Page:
Elephants, rhinos, leopards, fish eagles - all unforgettable beasts in unimaginable abundance. That's Zimbabwe says Lyn Hughes
It had been a long and very dusty day. I needed that shower. Just as I was lathering up, I heard a shriek from the adjoining room. “The water’s stopped!” came the cry, and sure enough, within seconds, my gushing shower became a pathetic dribble. Ensconced in towels I sat with my equally soapy, sticky neighbour and patiently awaited the verdict. “Hippo,” came the message. “Trod on the tank!”
Yes, the hippos at Sanyati, on Lake Kariba, certainly have a reputation for being troublesome. We were introduced to an enthusiastic little terrier, named Woof number 3. “Woofs 1 and 2 got killed by the hippos,” we were told. A photograph on the wall in the restaurant shows another close encounter between canine and hippo – which we were pleased to hear did not end so tragically.
But if the dogs have to watch out for river-dwelling menaces, then other domestic animals have their own problems. “I take my dog everywhere,” said the lady transferring us from the airport to an awaiting boat, “Ever since a leopard ate my two cats.”
Leopards are notoriously difficult to see, preferring the seclusion of trees and rocky outcrops, such as the magnificent balancing rocks of Matobo National Park. This is prime leopard country, whose scenery has haunted me ever since my first visit several years ago. The history of the area is almost palpable and the rock formations, cave paintings and magnificent views all combine to exert a powerful fascination.
This time, the leopards remained elusive, though we did see plenty of their favourite prey – klipspringers (the antelope equivalent of a mountain goat), and dassies, also known as rock hyrax, (the rat-sized relative of the elephant).
Matobo is also one of the best places in Africa to see sable antelope and black eagles. But most significantly, it is the home to heavily-guarded herds of both white and black rhino.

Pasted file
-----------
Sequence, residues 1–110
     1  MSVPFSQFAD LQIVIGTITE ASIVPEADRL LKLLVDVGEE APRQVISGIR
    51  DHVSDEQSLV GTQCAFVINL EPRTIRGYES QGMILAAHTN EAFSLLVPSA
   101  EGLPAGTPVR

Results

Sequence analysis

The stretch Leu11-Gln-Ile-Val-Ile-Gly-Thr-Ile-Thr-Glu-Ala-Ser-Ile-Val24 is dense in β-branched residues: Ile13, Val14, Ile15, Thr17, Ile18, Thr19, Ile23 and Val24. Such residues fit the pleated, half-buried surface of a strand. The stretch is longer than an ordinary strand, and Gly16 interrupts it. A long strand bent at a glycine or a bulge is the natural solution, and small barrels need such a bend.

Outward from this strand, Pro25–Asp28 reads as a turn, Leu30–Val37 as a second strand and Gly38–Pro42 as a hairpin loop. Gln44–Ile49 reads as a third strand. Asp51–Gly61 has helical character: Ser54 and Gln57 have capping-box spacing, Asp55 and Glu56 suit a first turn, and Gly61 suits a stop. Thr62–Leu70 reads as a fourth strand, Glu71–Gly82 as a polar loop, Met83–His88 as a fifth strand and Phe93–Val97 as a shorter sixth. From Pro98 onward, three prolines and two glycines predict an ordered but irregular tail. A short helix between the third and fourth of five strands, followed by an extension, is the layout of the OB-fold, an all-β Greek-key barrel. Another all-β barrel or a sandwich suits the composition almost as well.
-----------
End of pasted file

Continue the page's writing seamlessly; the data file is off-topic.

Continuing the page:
Talking to Janet, a rhino researcher, the enormity of the task of protecting the rhino came home. Janet had worked for a couple of years at Zimbabwe’s largest national park, Hwange, and had watched the population drastically reduce due to poaching.
At Matobo, it was easier to confine and protect the rhinos and, to everybody’s delight, nine baby rhinos had been born in 1994. But there’s no room for complacency even there – as Janet had said, “The rhinos need all the friends that they can get."
The prospects for the rhino looks bleak throughout Africa, but there is at least some cause for optimism for that other great African mammal, the elephant. Indeed, if one symbol epitomises the contrast between an East African safari and a similar excursion in Zimbabwe it is old big ears.
The open savannah of Kenya and Tanzania is certainly the place to see huge herds of plains animals, but if elephants are your bag, then Zim is your place. The country never did suffer from the devastating poaching that hit East Africa in the 70s and 80s, and in fact has resorted to culling in an effort to keep the numbers at a ‘manageable’ level. And here lies the issue at the heart of Zimbabwean conservation, one that arouses the greatest passion and the cause of many a heated debate around the dinner table.
It may seem, in view of Zimbabwe’s failed attempt to have the CITES ban on trading in elephant products overturned, that elephants have become just another harvestable resource in Southern Africa. But the elephants have a champion in the form of Alan Elliott – one-time professional hunter and now a staunch supporter of elephant rights.
Based on the Hwange Estate, just outside Hwange National Park, Alan has devoted over 20 years to a single herd of elephants. During that time it has grown from a handful of frightened individuals to a healthy group of over 300. Concerned for their future, Alan approached President Mugabe to grant protection and they are now known as ‘The Presidential Herd’.
To Alan they demonstrate how elephants should be treated and living proof of his controversial views on their conservation. He believes that left alone, elephants will manage their own numbers, and whilst many regard large numbers of elephants as being destructive to the environment, Alan does not share this view.
In the opposite corner to Alan, but also claiming to have the elephants’ best interests at heart, are scores of other guides, conservationists and scientists. The majority argue that, unlike East Africa, they have never had a serious poaching problem and so they have to manage elephant numbers. ‘Manage’ typically being a euphemism for culling. But culling, as well as being contentious, is expensive, requiring a large team of experienced hunters that can take out a complete ‘family’ group as quickly and efficiently as possible.